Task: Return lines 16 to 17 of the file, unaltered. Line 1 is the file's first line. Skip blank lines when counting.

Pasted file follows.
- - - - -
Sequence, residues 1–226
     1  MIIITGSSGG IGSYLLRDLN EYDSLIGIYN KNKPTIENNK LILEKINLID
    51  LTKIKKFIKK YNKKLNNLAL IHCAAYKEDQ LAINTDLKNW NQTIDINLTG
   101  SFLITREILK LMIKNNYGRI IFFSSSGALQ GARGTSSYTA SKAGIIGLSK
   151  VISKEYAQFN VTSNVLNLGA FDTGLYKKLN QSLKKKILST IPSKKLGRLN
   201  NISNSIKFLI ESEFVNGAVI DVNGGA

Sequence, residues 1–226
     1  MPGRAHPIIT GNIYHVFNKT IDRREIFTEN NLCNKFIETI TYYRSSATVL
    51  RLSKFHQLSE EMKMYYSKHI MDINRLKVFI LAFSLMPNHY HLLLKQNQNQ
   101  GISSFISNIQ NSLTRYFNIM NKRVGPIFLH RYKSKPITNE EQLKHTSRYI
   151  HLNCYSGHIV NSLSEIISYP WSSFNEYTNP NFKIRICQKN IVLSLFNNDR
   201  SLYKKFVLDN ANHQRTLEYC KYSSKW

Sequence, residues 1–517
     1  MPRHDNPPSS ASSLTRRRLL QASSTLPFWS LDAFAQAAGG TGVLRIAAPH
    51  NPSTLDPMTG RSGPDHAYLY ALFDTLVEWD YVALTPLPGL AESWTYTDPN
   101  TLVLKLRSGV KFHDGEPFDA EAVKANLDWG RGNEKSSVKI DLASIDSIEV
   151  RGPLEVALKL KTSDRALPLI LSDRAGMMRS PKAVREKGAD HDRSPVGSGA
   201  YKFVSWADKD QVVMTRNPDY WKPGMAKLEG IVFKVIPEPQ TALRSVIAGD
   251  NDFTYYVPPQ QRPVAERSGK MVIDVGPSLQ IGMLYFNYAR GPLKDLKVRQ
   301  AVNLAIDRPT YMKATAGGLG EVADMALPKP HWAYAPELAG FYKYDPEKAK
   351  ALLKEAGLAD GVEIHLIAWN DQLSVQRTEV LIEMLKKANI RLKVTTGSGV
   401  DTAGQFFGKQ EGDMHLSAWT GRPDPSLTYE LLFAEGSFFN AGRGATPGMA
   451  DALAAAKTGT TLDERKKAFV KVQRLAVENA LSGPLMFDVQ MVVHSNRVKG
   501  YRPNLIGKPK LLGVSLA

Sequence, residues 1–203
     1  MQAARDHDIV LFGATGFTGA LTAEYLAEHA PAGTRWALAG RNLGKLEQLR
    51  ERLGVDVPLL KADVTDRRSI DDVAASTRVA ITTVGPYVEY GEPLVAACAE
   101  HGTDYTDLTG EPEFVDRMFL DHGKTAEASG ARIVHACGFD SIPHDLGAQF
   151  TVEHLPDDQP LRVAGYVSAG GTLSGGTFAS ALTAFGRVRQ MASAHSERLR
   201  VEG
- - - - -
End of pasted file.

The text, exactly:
   101  TLVLKLRSGV KFHDGEPFDA EAVKANLDWG RGNEKSSVKI DLASIDSIEV
   151  RGPLEVALKL KTSDRALPLI LSDRAGMMRS PKAVREKGAD HDRSPVGSGA